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Churches of Estonia

Gallery: Churches of Tallinn

by Peter Kessler, 26 July 2009

Part 5: Churches of Vanalinn

The St Charles XI Church, Tallinn, Estonia

The St Charles XI Church (Kaarli kirik in Estonian) lies just outside the Old Town, on a site called Tõnismägi (the Hill of Tõnis) at the southern base of Toompea. St Anthony's Chapel and a graveyard were located on the site of the church by the 1300s, presumably for the local non-German community. The first full church on the site was consecrated on the 4th Advent of 1670, after King Charles XI of Sweden (1660-1696) ordered a wooden church to be built in a Greek cross style.

Kaarli kirik, Tallinn

The Great Northern War in 1700-1721 saw Russian troops outside Tallinn's city walls in August 1710. Many of the buildings outside the wall were burnt down, including the church. Its destruction weakened local parish life within a couple of decades, with parishioners either going to the Church of the Holy Ghost in the Old Town or further afield to Jõelähtme (around twenty kilometres east of the city) or Keila (about the same distance to the south-west).

The St Charles XI Church

Congregations had increased by the 1850s. A cornerstone was laid for the present church on 18 October 1862 and it was completed in 1882 according to a design by Otto Pius Hippius from St Petersburg, who had strong Estonian connections. The organ was fitted in 1884. The first service was held before that, on 20 December 1870, exactly two hundred years after the consecration of the first church on the site. Finishing touches were added over the next few years.

St John's Church, Tallinn, Estonia

St John's Church (Jaani kirik) sits in Freedom Square (Vabaduse väljak), on the border between the Old Town and Kesklinn. The three-aisled church was built for the Church of the Holy Ghost's excess congregation - it was always too small for the parish church for around 14,000 Estonians in Vanalinn. A collection started in 1851, and magistrates with church patronage rights gave the new building a site outside the town walls, on a plot that had belonged to the Domguild.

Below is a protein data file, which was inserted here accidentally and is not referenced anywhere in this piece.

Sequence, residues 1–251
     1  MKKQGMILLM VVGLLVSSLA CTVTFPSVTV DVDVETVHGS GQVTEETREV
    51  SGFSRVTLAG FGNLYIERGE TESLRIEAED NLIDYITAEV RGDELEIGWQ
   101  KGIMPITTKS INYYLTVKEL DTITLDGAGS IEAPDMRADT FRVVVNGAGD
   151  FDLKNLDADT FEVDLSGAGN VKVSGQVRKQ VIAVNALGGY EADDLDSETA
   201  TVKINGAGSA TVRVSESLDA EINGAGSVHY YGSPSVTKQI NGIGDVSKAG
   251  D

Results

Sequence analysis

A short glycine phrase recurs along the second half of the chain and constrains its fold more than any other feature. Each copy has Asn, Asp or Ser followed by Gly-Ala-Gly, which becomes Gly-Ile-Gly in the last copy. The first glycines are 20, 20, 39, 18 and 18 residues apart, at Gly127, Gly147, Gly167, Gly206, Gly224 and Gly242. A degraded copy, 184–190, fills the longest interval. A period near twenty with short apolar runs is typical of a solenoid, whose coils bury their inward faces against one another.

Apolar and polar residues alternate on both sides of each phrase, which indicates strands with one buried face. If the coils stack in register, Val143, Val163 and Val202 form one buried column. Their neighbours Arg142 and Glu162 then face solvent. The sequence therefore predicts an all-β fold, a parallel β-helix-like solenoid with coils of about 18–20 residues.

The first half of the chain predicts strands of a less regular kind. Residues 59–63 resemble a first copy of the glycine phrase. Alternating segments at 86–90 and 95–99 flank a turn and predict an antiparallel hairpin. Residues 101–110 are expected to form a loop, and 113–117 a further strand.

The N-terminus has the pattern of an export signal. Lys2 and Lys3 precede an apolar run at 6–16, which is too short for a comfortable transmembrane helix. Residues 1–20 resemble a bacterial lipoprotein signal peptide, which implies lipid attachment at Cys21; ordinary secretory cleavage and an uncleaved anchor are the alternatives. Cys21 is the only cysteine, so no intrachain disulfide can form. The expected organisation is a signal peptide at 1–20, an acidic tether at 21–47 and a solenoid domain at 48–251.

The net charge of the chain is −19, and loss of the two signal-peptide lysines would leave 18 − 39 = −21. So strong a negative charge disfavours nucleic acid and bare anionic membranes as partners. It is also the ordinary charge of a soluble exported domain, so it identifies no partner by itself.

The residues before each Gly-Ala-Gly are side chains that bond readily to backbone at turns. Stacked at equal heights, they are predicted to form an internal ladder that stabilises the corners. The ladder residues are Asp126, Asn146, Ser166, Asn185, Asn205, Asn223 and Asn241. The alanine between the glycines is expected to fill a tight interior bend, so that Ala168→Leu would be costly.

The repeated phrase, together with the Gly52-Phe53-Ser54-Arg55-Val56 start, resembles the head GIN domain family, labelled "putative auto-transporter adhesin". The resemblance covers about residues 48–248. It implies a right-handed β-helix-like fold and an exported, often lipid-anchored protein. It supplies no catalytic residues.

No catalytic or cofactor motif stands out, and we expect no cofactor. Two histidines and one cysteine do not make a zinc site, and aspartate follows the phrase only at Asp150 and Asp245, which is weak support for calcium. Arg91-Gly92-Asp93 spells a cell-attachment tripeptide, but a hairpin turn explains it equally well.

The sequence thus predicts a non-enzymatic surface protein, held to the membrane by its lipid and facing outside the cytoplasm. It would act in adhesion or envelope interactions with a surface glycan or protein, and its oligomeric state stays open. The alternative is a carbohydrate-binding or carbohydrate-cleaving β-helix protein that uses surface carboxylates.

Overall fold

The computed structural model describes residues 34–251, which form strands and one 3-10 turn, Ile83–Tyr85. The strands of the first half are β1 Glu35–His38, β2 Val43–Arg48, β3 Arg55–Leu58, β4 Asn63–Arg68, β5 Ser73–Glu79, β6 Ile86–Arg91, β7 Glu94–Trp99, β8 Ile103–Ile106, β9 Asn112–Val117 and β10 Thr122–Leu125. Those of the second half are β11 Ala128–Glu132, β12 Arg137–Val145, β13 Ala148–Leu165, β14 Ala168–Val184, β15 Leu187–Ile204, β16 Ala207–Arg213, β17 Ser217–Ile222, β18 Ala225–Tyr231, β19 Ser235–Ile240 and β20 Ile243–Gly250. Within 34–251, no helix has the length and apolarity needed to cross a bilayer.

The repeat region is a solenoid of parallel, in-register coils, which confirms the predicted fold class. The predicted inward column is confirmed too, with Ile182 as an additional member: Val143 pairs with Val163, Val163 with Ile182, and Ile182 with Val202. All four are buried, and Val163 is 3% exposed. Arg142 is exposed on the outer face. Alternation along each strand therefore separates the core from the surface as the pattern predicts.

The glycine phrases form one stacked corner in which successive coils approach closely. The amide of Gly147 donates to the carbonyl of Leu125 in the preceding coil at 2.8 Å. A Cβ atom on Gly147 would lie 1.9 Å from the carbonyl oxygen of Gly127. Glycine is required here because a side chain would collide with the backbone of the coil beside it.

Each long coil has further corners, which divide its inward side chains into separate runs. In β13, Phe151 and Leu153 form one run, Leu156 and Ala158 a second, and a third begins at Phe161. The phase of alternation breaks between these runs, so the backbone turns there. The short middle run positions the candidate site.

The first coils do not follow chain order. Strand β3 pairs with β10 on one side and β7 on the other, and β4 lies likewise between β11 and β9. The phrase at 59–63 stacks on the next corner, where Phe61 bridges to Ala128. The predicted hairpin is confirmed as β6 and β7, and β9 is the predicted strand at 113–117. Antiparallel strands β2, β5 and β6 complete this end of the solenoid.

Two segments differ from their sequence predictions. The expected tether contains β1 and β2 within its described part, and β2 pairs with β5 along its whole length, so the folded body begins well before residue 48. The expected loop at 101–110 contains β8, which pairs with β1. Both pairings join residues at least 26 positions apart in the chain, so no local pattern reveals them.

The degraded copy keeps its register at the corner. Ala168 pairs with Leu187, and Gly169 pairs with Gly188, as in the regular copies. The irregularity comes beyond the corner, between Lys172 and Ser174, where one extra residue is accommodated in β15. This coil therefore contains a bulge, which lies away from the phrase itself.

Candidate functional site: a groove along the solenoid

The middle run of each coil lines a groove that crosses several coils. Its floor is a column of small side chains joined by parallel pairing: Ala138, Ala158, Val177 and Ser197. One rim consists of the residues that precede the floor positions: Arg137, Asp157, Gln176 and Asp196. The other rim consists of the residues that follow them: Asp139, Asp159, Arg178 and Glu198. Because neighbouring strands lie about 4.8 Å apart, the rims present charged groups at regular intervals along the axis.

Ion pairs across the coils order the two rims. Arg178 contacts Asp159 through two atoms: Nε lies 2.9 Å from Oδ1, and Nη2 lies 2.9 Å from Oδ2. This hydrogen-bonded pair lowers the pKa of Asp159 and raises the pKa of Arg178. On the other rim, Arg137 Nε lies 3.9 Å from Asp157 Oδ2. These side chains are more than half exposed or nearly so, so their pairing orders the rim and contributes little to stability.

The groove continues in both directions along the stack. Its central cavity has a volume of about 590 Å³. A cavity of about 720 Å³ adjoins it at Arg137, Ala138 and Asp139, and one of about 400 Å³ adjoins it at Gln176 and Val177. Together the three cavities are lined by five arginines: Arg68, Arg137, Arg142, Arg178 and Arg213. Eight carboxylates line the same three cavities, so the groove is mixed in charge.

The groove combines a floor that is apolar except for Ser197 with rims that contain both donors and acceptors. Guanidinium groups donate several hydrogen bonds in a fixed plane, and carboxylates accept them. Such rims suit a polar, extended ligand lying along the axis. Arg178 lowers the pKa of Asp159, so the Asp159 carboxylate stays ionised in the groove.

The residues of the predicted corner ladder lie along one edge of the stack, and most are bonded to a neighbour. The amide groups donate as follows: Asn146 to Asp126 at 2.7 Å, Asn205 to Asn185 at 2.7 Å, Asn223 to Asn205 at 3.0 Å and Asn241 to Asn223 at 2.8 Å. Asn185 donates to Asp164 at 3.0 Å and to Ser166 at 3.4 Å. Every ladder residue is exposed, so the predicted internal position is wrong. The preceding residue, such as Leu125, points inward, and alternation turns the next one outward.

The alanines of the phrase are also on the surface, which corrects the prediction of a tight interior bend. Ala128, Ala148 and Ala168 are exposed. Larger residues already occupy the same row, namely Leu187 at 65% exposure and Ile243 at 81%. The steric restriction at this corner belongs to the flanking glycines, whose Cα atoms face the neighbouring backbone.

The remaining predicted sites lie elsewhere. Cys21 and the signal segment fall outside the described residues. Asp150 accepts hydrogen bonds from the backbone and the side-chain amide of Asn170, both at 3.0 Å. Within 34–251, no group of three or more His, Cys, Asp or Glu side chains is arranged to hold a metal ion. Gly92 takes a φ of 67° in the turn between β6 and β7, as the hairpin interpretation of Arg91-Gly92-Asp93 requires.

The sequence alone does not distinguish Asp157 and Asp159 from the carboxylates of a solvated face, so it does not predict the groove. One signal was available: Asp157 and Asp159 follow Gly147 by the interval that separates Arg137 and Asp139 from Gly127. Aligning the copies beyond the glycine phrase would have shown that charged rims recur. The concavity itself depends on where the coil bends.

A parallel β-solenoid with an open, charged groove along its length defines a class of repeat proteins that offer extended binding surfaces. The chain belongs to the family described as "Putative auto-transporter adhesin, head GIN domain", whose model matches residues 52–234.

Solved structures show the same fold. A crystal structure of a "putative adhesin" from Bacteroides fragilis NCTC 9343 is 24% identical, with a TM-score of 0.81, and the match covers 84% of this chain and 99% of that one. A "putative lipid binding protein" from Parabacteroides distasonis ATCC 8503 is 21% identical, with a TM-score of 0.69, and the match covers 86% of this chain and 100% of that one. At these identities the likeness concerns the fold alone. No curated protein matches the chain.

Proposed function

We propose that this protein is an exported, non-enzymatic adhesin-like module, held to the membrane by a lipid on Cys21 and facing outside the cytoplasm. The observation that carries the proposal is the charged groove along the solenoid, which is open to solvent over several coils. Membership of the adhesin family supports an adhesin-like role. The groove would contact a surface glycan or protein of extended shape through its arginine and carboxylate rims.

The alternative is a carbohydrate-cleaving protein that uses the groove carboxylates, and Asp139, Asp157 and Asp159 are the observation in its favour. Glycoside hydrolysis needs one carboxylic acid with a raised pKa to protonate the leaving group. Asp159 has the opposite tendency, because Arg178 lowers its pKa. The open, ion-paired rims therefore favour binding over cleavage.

Jaani kirik, Tallinn

The neo-Gothic building was designed by Christoph August Gabler (1820-1884), Estonia's Tallinn-born provincial architect from 1859 onwards. The work took five years (1862-1867). The toughest stage was the first, when the foundations were laid in soft ground which had formerly been a moat. To reinforce them, tens of thick oak trunks were rammed into the ground. The cornerstone was laid on 8 September 1862 and the church was named after St John the Evangelist.

St John's Church

The surrounding land was built up from the end of the 1800s, culminating in the square which existed until extensive modifications of 2007-2010. Unfortunately the new art deco and functional buildings sharply contrasted with the neo-Gothic church, so in 1936 the government decided the church would have to be pulled down. The plan was thwarted by the war and by occupation. Although demolition was again mooted in the 1950s, the church survives to this day.



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